10. For decades on the Forums, we have seen discussions rage about effective range vs maximum range for rifles with iron sights. As luck would have it, FB served me a tasty info plum, in the form of a guy who, using hand-loaded ammo and high ballistic coefficient bullets, hit a full size buffalo silhouette metal target from an astronomic 2.24 statute miles. This wasn't any sort of one shot, one kill situation. Quite the contrary. But it does show what can be done, and had there been a rifle squad standing in the area, several people would almost certainly have been hit, with bullets arriving sans any supersonic popping sounds because they were only going about 700 fps. The only clue, until the firing report eventually was heard (if it could be heard under the battlefield conditions, wind, etc., would've been a dust puff, splat sound in mud or a ricochet off something hard. Am not arguing this should be incorporated into CM, just that it gives a whole new level of meaning to those warnings on ammo boxes. The ammo used was more like sniper ammo, and the iron sights fitted were modern ones on an old Swiss 6.5 mm rifle. It may look like he's shooting from a bench rest, but the man is crippled in the right arm. He is supporting the front of the rifle with his left hand, while the apparatus, known as the Lead Sled, substitutes for being able to hold the rifle butt to his shoulder. https://www.fieldandstream.com/guns/world-record-open-sight-rifle-shot/?utm_medium=social&utm_source=Facebook&fbclid=IwAR009vYkcGdmeHUlCwLmpBhnpM_msv2QnYH9XD5m96y89A9XCypIROZzGfY Regards, John Kettler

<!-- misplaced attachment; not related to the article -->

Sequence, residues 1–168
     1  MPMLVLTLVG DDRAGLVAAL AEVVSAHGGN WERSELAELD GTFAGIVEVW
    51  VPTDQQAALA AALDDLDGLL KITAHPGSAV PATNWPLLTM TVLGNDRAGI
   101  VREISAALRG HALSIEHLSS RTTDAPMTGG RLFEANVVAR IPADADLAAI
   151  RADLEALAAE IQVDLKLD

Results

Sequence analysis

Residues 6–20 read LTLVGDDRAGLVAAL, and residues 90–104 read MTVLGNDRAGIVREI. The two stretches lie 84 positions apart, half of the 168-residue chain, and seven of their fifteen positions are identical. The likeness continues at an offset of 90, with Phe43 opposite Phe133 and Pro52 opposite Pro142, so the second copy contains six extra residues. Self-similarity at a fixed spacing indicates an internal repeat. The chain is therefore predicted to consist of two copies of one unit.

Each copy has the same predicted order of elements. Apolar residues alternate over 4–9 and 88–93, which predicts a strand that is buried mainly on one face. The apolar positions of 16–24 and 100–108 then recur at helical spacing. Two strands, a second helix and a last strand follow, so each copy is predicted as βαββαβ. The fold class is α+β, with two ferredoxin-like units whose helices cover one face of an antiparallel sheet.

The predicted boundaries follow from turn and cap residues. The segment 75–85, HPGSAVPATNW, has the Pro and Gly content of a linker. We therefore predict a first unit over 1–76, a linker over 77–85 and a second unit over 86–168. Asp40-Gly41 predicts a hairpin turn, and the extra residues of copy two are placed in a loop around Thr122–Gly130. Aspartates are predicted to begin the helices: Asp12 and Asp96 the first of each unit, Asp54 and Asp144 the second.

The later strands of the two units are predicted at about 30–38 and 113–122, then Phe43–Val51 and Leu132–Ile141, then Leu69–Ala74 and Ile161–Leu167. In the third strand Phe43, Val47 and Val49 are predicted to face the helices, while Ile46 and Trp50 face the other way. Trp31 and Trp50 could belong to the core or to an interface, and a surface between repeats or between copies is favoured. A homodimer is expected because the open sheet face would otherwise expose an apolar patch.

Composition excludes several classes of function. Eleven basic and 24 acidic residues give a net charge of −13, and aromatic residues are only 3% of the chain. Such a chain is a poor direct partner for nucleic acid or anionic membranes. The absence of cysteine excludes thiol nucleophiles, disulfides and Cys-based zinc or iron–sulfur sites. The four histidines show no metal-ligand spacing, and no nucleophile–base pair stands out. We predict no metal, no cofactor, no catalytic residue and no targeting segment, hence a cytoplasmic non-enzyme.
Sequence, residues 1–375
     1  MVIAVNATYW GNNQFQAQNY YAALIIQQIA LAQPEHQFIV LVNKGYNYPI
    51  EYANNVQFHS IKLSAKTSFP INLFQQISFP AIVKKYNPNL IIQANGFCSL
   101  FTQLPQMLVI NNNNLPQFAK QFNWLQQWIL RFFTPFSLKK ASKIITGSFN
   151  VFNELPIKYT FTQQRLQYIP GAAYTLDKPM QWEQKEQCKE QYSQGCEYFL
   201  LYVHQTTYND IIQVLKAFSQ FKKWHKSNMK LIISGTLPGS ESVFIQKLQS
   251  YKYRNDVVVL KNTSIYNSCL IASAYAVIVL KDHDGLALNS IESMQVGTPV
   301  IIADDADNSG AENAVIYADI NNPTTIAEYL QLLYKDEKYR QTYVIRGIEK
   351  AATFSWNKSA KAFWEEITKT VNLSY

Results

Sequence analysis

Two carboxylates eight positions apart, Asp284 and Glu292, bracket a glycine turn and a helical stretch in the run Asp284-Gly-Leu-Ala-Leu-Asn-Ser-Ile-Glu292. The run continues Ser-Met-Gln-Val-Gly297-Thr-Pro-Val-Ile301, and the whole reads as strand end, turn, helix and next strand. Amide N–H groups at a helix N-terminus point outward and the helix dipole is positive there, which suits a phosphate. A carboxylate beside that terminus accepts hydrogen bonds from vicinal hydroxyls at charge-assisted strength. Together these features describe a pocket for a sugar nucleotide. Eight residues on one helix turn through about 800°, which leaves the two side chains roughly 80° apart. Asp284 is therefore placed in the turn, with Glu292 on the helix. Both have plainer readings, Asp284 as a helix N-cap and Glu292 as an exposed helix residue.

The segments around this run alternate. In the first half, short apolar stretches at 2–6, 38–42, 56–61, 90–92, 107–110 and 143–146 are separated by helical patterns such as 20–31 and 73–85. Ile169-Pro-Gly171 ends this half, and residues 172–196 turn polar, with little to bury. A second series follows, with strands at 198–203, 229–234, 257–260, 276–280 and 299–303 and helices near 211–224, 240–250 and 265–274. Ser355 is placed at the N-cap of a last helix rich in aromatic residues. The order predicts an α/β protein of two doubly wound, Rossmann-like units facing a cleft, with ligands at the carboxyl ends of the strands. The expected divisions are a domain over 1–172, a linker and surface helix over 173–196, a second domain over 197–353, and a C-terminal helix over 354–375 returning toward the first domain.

11. My first question: What is a timid mouse doing in a tank? Didn't know the Red Army had females in tank crews. Had only seen women as pilots or infantry, in terms of combat roles. That said, provided they can hack the various demands, women are great because they easily fit into and can get out of a tank rapidly, as shown by analogy with the tiny Chinese male tinkers at the Tank Biathlon. Small in stature and build as they are, their tanks look like heavy tanks. Wish I could've seen what preceded the refusal to reload in the vid you shared. Years ago, I read a great ISU-122 story. The komandir was female, and her husband was the driver mechanic. The comms got crossed up, so their argument got broadcast. They were in Berlin during the Battle of Berlin and were arguing over which street to get to the Reichstag! Regards, John Kettler